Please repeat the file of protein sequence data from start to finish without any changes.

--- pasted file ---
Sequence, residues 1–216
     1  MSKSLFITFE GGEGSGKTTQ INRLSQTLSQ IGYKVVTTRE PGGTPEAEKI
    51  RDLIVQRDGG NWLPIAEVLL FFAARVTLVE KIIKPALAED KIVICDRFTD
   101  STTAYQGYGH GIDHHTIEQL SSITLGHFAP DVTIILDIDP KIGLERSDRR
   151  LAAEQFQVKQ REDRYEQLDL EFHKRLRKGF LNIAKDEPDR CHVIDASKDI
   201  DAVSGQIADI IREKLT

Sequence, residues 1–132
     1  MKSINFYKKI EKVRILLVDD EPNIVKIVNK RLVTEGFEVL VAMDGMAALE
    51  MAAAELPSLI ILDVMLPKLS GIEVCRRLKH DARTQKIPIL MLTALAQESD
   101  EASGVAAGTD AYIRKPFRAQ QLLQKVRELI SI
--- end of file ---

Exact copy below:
Sequence, residues 1–216
     1  MSKSLFITFE GGEGSGKTTQ INRLSQTLSQ IGYKVVTTRE PGGTPEAEKI
    51  RDLIVQRDGG NWLPIAEVLL FFAARVTLVE KIIKPALAED KIVICDRFTD
   101  STTAYQGYGH GIDHHTIEQL SSITLGHFAP DVTIILDIDP KIGLERSDRR
   151  LAAEQFQVKQ REDRYEQLDL EFHKRLRKGF LNIAKDEPDR CHVIDASKDI
   201  DAVSGQIADI IREKLT

Sequence, residues 1–132
     1  MKSINFYKKI EKVRILLVDD EPNIVKIVNK RLVTEGFEVL VAMDGMAALE
    51  MAAAELPSLI ILDVMLPKLS GIEVCRRLKH DARTQKIPIL MLTALAQESD
   101  EASGVAAGTD AYIRKPFRAQ QLLQKVRELI SI